Ole Miss football announced on Tuesday a new home-and-home series with South Alabama to help fill out their 2028 and 2029 schedules.
It's a pretty standard practice in college football, scheduling games nearly a decade out to fill out the non-conference schedule. But there's a relatively simple, bizarre part to this scheduling – why the hell did the Rebels agree to travel to South Alabama in 2029?
Over the past decade the practice of non-conference scheduling has become relatively formulaic. Most strong programs will schedule one tough (or appearing tough) non-conference game against another power-five program and fill in the rest of the non-conference slate with what amounts to fluff games or should-win games.
In 2020, for example, Ole Miss opens the season with a neutral game against Baylor. They then will play Southeast Missouri, UConn and Georgia Southern to round out non-conference play. Over the next three years following Baylor, that tougher game is Louisville (in Atlanta) and then a home-and-home with Georgia Tech. Then, you play all your other non-conference games at home.
So I will ask again, why play at South Alabama in 2029?
Here's a full list of future, true road games Ole Miss has on the non-conference slate: Georgia Tech (2022), Wake Forest (2024), Southern California (2025), South Alabama (2029), Oregon State (2030), Virginia Tech (2032) and Purdue (2034).
One of these things is not like the others.
With all due respect to the Jaguars, their stadium seats 25,000 fans. Seeing an SEC school play a non-conference game in that atmosphere would be strange.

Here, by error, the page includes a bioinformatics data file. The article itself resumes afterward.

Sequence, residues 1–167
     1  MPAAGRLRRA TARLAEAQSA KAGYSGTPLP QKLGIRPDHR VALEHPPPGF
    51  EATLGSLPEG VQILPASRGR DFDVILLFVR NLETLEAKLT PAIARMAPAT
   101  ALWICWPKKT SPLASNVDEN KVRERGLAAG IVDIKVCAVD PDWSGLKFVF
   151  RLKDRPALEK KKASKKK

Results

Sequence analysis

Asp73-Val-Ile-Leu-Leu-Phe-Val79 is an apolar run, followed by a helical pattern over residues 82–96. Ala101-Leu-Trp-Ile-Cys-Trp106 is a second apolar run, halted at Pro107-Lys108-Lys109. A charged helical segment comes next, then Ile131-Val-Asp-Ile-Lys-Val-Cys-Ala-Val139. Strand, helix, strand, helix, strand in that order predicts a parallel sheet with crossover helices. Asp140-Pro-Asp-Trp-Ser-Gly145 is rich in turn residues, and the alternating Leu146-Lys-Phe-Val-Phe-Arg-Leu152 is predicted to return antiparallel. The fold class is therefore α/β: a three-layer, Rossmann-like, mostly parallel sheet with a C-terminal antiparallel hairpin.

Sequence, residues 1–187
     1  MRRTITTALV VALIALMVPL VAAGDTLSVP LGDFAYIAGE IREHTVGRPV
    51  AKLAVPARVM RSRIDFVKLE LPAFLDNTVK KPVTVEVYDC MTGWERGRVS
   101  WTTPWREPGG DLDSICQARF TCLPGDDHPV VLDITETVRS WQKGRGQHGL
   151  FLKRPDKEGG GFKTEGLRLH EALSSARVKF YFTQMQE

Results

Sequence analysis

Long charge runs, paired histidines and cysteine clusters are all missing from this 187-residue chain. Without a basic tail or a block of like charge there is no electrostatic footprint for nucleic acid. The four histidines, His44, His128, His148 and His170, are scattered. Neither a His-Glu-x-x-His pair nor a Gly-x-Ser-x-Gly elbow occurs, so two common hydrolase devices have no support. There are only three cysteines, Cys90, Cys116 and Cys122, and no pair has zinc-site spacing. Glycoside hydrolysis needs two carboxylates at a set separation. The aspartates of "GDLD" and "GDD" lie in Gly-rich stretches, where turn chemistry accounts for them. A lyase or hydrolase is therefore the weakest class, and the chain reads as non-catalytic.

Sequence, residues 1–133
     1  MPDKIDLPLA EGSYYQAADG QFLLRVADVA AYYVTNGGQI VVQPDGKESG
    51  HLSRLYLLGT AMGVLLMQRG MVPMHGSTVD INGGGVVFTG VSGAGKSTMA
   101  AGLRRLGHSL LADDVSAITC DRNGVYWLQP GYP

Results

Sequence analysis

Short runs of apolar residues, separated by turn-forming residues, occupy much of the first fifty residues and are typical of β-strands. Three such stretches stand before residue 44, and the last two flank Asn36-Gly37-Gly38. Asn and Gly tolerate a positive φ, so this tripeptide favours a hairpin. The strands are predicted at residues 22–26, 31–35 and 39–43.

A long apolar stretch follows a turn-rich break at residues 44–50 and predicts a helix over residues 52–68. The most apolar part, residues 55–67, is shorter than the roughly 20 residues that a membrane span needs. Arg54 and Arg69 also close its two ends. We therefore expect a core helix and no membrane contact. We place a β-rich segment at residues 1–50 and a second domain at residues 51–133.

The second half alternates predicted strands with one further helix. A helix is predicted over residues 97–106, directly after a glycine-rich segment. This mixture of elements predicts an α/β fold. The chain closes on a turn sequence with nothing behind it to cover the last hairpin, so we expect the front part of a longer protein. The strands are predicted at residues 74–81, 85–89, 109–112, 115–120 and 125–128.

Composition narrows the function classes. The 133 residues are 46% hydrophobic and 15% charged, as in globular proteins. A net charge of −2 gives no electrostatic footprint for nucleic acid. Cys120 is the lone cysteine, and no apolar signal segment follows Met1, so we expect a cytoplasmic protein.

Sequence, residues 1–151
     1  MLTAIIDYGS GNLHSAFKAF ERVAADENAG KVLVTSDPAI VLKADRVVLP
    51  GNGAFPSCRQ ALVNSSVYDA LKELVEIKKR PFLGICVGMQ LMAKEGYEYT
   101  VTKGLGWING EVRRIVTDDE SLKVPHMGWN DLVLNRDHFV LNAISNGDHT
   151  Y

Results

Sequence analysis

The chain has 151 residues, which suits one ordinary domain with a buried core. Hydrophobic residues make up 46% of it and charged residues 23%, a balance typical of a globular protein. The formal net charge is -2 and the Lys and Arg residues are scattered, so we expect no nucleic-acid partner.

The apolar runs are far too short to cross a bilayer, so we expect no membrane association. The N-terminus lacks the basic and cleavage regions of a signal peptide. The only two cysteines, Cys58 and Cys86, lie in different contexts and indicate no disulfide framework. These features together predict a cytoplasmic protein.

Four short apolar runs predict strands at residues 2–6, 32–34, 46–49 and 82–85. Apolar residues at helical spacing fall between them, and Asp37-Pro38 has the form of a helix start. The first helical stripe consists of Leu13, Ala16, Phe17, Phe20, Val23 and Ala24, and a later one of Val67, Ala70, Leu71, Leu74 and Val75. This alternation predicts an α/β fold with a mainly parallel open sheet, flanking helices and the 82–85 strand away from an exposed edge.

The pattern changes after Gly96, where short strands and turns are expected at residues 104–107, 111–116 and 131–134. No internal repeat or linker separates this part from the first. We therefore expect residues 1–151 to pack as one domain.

Here's the one logical reason I can come up with for scheduling such a game at South Alabama – cash-flow concerns. Every university and every athletic department are dealing with monetary issues right now over lost revenue (or planned lost revenue) because of the COVID-19 outbreak.
Filling out the non-conference schedule can often be expensive. Because many smaller FBS schools know they have little shot at winning a game at Ole Miss or at Texas or at Michigan, bigger programs often have to pay smaller ones to come and play them on their home turf. These fees can be exorbitant. It's pretty typical for one of these games to cost a program six-figures in cash and sometimes the fees push close to $1 million.
Right now, with questions surrounding the season and whether or not fans will be able to attend, financial health concerns are plentiful. Some estimates project that programs could lose a combined $4 billion if games are not played. Of course, that number is on the high end and represents if the season is cancelled altogether. Yet still, it represents how serious of a financial hit some programs may be in for.
Here's the simple solution in my mind – if this is truly a cash-flow problem, why not schedule a two-for-one series? That's a relatively common way to get two home games with a non-power-five school in exchange for one road trip. It's not the even 50-50 split, but it makes more sense for a partnership like Ole Miss and South Alabama.
Obviously, South Alabama will not be the only non-conference games played in the 2028 and 2029 season. The Rebels will likely add one high profile game both years and fill out the rest with easier to win games.
With playing the 2029 USA game on the road, the Rebels will likely to look to host a bigger name in that season, as to not play two non-conference road games.
Of course, this game could still be bought out. If the financial situation stabilizes or a better available game comes along in the next few years, the Rebels could buy out this game with South Alabama and replace it with what they view as a better option.
Still, we are nine years away from this planned game, but the decision to play at South Alabama seems sort of baffling.